Greece is now officially a part of Russia’s big new gas plan
Russia signed a preliminary $2.27 billion (2 billion euro) agreement on building a pipeline through Greece, according to Bloomberg.
The section of the Turkish Stream in Greece will have annual capacity of 47 billion cubic meters.
Construction will start in 2016 and is expected to be completed set for 2019, according to Russian Energy Minister Alexander Novak.
Russia’s development bank will own 50% of the link and will do all of the financing, and Greece will own the rest. Russia’s Gazprom will not hold a stake in the section crossing Greece, according to Novak.
“The pipeline is not against anyone in Europe or the world,” Greek Energy Minister Panagiotis Lafazanis in St. Petersburg. “It is here to serve people, peace and stability. Energy can bring people together and not feed Cold War situations.”
The Turkish Steam, a Gazprom project, was announced in January after the company abandoned the $45 billion South Stream project in December. The project is expected to begin somewhere between June-July 2015.
The key geopolitical takeaway regarding both projects is that they’re supposed to bypass crumbling Ukraine — which would allow Russia to both maintain its gas leverage over the EU and hurt Kiev.
“To help Gazprom reach Central European markets, Russia has advocated the construction of a pipeline that would run from Greece to Macedonia, Serbia and Hungary,” analysts from Texas-based consulting firm Stratfor wrote in a report, according to Bloomberg.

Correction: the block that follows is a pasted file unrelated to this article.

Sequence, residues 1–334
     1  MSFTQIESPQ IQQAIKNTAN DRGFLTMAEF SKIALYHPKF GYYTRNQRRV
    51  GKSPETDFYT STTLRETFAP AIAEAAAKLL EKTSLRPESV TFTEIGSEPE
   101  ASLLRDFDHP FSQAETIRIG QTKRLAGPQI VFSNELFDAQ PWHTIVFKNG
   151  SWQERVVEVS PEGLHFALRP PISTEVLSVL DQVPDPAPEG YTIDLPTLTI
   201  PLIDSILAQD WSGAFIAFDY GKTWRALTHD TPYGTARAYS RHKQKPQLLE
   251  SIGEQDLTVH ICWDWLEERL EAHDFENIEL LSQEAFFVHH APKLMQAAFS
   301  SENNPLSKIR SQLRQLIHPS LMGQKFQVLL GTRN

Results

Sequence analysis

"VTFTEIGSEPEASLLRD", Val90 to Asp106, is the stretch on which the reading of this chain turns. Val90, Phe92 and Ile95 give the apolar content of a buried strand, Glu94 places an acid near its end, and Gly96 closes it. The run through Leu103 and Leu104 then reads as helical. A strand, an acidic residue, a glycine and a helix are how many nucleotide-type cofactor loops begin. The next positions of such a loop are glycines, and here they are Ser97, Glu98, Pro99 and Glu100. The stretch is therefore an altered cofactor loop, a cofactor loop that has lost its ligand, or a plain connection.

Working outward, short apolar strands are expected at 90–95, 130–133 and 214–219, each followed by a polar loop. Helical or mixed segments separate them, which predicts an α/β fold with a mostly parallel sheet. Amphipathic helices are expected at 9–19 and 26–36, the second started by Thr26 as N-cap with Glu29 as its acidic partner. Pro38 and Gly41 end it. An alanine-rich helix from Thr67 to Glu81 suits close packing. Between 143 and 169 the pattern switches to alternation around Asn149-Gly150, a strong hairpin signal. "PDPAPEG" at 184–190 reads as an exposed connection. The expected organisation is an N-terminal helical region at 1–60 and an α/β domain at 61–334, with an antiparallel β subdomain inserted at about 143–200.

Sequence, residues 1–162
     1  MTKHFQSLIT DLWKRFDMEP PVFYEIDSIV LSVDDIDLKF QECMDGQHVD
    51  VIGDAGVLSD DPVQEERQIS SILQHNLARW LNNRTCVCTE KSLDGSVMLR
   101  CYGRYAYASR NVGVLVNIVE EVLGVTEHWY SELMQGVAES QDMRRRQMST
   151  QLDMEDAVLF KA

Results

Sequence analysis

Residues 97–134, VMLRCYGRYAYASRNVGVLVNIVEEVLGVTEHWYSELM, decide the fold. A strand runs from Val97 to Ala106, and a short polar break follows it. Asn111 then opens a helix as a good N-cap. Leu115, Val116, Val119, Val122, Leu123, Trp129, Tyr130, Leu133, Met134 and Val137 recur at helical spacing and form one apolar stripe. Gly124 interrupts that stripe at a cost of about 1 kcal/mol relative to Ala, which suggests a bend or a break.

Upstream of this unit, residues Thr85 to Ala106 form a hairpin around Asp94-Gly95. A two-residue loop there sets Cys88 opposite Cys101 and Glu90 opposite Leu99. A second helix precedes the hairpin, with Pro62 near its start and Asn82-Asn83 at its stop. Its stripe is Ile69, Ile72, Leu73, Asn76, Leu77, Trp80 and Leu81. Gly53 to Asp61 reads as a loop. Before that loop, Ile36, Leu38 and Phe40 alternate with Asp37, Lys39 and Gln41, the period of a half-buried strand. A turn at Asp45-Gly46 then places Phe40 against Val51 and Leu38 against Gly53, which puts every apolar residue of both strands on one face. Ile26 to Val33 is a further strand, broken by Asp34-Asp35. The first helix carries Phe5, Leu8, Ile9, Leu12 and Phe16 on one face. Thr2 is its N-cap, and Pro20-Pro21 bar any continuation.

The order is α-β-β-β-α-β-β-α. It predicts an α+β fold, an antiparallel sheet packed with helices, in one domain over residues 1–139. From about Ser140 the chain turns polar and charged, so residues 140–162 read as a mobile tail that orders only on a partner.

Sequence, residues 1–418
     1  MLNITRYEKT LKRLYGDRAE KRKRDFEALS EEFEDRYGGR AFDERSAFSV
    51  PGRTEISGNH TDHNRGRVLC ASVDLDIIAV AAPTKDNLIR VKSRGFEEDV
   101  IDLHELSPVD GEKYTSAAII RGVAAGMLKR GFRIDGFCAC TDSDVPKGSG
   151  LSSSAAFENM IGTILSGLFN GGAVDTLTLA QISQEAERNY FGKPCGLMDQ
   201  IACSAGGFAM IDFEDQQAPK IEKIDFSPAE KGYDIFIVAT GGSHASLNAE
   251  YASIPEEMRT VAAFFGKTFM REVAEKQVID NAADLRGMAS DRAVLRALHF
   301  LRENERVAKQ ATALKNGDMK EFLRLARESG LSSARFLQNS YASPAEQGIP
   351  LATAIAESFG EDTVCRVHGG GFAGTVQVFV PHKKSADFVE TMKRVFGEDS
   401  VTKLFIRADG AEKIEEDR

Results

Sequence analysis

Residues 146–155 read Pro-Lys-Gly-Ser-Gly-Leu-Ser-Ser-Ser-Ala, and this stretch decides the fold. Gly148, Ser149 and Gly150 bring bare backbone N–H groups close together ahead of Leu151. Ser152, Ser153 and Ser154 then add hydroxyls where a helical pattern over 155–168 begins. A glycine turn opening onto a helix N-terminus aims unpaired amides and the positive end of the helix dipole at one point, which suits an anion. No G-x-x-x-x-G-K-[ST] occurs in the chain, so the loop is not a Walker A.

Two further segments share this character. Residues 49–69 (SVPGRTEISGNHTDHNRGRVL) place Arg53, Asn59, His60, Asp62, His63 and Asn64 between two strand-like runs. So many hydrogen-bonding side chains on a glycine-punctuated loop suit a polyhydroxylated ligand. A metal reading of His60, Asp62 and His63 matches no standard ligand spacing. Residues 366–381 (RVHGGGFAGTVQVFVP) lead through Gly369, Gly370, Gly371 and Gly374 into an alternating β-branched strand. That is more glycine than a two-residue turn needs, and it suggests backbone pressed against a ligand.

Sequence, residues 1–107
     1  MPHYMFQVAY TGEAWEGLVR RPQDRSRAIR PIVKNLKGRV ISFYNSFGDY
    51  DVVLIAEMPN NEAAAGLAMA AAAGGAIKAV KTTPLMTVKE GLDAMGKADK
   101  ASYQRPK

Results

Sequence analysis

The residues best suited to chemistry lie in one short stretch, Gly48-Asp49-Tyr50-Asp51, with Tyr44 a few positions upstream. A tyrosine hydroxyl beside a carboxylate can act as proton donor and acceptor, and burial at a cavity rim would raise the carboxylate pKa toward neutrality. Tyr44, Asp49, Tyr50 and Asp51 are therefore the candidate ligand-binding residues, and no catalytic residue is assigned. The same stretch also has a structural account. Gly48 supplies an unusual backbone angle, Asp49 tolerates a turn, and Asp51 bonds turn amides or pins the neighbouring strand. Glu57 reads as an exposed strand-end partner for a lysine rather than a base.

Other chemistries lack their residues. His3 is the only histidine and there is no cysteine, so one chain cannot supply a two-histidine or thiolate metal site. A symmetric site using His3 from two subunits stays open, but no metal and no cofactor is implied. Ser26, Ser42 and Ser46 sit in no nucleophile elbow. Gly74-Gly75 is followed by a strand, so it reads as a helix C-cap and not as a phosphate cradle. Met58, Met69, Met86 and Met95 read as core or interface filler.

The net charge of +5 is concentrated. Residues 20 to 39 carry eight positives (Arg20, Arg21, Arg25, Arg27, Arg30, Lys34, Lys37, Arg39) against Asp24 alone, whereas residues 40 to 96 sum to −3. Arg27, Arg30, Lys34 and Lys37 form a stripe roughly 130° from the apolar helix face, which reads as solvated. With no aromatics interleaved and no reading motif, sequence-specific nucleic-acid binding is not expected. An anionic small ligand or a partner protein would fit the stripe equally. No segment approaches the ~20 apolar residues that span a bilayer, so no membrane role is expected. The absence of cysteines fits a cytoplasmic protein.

“These four countries are at the center of a Russian diplomatic offensive.”
Although some analysts have expressed doubts over the projects, “the Russians seem determined to let their transit contract with Ukraine expire by 2019 in favor of the alternative route under the Black Sea. Gazprom has already laid 472 kilometers (293 miles) of the so-called Southern Corridor, the onshore part of the pipeline in Russia, in anticipation of the deal,” according to Bloomberg.
Greece has been cozying up to Russia the last few months. Some analysts noted that a potential gas deal was a major factor behind the schmoozing.
“[A] new long-term gas deal to provide energy security for the fragile Greek economy and give the left-wing Syriza party an early win (at least in the eyes of the Greek electorate,” Business Insider’s Tomas Hirst wrote back in January after Greece took a stance against sanctions on Russia.